Happy Reading everyone!!

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    1. oh my, now we have Sparks mentioned again...I feel a rant coming on...lol

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    2. You are right there, don't even get me started on Sparks... ; )

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  4. No, I buy what sounds interesting to me, no matter the ranking. I just bought ten books last week and most of them have a rating of 3 stars on Amazon. But...they sound like books I'd love!

    I loved Nicholas Sparks "The Notebook", but haven't loved anything from Dan Brown.

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    1. 10 books? ..I thought I was bad...lol

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  5. Not me. If you look closely at the reviews, sometimes people give negative reviews because the item shipped late or got damage in transit or something like that.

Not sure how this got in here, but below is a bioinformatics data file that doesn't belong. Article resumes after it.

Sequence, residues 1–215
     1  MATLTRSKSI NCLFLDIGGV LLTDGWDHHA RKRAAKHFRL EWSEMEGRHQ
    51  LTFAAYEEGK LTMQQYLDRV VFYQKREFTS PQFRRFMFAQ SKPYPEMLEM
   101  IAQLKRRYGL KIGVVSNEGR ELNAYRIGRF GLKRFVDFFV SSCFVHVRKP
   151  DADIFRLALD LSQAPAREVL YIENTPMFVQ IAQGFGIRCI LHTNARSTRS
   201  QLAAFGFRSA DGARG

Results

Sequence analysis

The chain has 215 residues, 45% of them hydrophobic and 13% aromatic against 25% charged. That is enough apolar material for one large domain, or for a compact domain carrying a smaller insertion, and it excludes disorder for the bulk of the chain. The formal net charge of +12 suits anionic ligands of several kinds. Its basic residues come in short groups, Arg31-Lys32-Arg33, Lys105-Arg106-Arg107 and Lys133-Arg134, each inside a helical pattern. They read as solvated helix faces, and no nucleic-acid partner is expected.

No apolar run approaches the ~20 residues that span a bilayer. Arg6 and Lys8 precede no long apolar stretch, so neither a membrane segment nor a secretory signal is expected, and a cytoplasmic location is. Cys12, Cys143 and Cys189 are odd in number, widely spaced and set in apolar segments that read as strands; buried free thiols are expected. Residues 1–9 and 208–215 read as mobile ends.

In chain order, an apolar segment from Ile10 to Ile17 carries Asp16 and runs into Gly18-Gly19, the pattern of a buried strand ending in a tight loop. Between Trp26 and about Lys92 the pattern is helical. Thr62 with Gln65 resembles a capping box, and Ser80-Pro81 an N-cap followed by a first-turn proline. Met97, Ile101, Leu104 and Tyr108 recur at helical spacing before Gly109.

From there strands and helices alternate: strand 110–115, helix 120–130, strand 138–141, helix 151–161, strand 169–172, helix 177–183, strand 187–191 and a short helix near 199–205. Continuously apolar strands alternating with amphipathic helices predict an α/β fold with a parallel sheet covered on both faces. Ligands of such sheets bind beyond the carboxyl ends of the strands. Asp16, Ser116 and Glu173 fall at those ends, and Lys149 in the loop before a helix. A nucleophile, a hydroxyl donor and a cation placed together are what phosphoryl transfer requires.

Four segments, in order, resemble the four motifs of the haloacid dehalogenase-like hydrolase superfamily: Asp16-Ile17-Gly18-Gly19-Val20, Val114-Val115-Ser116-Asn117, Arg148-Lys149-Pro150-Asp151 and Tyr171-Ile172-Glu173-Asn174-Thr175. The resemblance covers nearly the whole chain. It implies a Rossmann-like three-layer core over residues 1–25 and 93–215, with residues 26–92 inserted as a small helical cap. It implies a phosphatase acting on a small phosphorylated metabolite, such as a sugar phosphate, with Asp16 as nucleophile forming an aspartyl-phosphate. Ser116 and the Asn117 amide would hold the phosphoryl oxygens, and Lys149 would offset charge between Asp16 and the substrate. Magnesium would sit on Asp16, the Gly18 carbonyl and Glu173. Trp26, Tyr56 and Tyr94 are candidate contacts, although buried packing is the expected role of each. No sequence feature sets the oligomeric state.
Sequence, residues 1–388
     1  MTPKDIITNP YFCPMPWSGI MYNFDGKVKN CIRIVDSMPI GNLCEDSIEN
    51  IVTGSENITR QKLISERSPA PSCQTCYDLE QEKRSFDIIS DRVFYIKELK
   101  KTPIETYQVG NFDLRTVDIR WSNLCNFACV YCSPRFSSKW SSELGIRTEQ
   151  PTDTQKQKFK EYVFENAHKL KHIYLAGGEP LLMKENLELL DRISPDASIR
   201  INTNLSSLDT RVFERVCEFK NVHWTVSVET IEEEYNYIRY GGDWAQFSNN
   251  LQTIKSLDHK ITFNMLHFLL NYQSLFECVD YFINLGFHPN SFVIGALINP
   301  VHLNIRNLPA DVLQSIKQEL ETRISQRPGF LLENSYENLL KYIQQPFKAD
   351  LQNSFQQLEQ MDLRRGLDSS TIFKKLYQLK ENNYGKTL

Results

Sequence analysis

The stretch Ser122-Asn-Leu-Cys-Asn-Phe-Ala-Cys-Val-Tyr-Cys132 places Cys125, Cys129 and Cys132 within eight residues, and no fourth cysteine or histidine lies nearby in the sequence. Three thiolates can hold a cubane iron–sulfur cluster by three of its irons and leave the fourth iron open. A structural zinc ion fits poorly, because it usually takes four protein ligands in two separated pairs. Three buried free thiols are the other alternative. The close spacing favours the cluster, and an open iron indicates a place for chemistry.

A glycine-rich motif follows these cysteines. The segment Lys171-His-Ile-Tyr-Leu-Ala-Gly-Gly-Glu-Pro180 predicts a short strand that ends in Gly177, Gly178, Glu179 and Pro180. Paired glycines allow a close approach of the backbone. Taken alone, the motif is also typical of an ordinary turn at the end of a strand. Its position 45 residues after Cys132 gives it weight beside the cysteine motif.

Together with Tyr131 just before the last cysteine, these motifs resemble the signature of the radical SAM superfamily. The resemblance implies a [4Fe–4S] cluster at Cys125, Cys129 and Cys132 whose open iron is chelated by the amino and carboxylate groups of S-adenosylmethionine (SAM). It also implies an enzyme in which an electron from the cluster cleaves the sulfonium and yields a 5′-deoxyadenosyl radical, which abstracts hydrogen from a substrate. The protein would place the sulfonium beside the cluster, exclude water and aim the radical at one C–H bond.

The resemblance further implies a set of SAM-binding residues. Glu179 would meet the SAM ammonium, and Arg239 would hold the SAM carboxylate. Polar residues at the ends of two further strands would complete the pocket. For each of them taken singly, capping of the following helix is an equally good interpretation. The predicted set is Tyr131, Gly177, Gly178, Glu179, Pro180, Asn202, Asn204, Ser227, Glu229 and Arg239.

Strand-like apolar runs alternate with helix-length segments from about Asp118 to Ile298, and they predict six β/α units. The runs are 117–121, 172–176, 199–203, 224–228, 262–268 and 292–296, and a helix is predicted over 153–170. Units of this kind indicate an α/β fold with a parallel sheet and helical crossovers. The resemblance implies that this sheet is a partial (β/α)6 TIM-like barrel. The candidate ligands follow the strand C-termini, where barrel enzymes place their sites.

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  6. I will look at reviews but only if there are a lot of reviews to balance out the obvious "friends loving their friends books." They are pretty obvious when you see them. I've learned not to trust all the hype about a book. I tend to not like it as much -- either out of "spite" or that my expecations were too high. Still, if a book has a 100s of reviews, I think the ratings can tell you something.

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  7. As an indie publisher, I do check our Amazon rankings on a daily basis since I tend to fall on the dollars and cents side of the equation. But in determining whether I would buy/read a book, I tend to go by positive word of mouth recommendations than anything else.

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    1. Finally, someone who admits 'using' those rankings. if not for personal use.
      As to the reviews, I do admit reading them, or at least looking at the spread..hundreds of reviews, with very few negatives, give you an idea..but just an idea.